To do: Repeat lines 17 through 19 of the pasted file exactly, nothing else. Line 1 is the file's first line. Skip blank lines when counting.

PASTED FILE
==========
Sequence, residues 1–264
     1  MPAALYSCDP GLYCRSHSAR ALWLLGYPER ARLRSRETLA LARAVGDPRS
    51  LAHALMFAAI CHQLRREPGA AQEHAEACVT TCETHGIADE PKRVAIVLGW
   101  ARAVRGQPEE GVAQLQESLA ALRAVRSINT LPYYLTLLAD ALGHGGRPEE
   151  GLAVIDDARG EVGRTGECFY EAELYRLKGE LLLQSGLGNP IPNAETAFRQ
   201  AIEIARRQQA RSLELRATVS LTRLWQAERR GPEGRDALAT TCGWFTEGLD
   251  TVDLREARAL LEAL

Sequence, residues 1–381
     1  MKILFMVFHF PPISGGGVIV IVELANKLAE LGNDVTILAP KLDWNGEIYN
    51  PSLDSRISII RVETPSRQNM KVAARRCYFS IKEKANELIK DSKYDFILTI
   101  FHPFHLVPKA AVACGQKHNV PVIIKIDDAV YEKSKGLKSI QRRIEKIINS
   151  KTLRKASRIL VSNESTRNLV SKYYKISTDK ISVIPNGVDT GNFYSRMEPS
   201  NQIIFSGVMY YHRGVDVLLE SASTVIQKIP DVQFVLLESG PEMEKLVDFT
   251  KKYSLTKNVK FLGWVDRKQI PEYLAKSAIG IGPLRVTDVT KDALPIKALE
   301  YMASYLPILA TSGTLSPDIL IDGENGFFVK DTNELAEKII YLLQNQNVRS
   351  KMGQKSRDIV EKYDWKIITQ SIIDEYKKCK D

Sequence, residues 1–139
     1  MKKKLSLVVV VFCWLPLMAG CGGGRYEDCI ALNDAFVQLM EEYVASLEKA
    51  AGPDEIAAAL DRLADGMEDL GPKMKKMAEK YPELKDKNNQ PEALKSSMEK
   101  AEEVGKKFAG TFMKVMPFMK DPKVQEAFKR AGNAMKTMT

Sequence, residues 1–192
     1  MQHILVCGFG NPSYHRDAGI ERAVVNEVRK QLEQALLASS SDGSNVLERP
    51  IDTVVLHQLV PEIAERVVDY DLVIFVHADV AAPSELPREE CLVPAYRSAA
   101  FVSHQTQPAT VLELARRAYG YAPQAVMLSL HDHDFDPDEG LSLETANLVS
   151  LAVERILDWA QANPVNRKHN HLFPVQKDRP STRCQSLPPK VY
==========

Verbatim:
Sequence, residues 1–139
     1  MKKKLSLVVV VFCWLPLMAG CGGGRYEDCI ALNDAFVQLM EEYVASLEKA
    51  AGPDEIAAAL DRLADGMEDL GPKMKKMAEK YPELKDKNNQ PEALKSSMEK